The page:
Anastomotic technique influences outcomes after partial gastrectomy for adenocarcinoma.


The proper reconstructive technique after partial gastrectomy for adenocarcinoma of the stomach is often debated, but few data exist to clarify the issue. We evaluated outcomes after different anastomoses used during partial gastrectomy for gastric adenocarcinoma. We reviewed the hospital records of all 277 patients who underwent operation for gastric cancer at our institution from 1970 to 1996. Of 118 partial gastrectomies performed with curative intent 57 anastomoses were Billroth II gastrojejunostomies, 22 were Billroth I gastroduodenal reconstructions, and 39 were Roux-en-Y gastrojejunostomies. There was no difference in the incidence of early gastric emptying problems or early or late postoperative obstruction among the groups. Average hospital stay was 14 days for the Billroth I group, 15 days for those with Billroth II reconstructions, and 22 days for the Roux-en-Y cohort. Documented late gastric outlet obstruction occurred in 29 per cent of patients having Billroth I and in 33 per cent of those with Billroth II anastomoses. Antecolic anastomoses represented 30 (53 per cent) and retrocolic 27 (47 per cent) of the 57 Billroth II reconstructions performed. Late gastric outlet obstructions occurred in seven (23 per cent) patients who had antecolic reconstructions and in just one (4 per cent) with a retrocolic anastomosis (P < 0.05). Five-year cumulative survival was lower for patients having Billroth I reconstructions than for those with Billroth II (P < 0.05). Among patients with Billroth II reconstructions, 5-year cumulative survival was lower for those with antecolic reconstructions compared with those with retrocolic anastomoses (P < 0.05). Although conventional teaching dictates otherwise our data indicate that retrocolic Billroth II anastomoses are preferable to antecolic Billroth II reconstructions after partial gastrectomy for adenocarcinoma of the stomach, as there is a diminished risk of late gastric outlet obstruction and a greater 5-year survival among patients having the former procedure. Survival is unacceptably low after Billroth I anastomoses.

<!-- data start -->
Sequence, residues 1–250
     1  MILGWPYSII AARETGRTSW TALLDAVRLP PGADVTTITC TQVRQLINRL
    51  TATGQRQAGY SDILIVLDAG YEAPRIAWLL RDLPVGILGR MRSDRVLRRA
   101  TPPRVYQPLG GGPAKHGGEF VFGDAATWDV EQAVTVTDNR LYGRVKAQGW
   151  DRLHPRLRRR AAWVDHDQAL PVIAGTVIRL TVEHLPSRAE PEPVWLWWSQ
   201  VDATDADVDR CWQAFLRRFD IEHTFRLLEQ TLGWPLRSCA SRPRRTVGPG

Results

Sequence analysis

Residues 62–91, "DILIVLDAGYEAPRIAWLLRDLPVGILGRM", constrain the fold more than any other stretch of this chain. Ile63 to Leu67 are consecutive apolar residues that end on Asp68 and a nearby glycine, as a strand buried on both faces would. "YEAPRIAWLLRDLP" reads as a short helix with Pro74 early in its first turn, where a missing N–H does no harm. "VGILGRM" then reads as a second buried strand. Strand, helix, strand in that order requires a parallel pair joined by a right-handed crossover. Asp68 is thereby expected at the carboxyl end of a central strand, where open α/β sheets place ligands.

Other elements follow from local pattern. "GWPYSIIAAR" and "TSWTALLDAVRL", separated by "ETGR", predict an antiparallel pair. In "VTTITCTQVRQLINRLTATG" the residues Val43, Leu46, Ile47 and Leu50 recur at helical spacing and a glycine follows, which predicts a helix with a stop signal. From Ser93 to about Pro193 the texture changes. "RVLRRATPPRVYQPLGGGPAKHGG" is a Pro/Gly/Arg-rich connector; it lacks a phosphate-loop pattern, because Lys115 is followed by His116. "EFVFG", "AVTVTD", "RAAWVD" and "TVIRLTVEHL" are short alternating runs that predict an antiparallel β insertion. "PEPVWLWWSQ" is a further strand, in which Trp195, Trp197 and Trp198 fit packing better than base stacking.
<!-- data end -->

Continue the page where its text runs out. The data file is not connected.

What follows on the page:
Cite this paper

@article{Grise2001AnastomoticTI, title={Anastomotic technique influences outcomes after partial gastrectomy for adenocarcinoma.}, author={Kimberlee R Grise and David W. Mcfadden}, journal={The American surgeon}, year={2001}, volume={67 10}, pages={948-50} }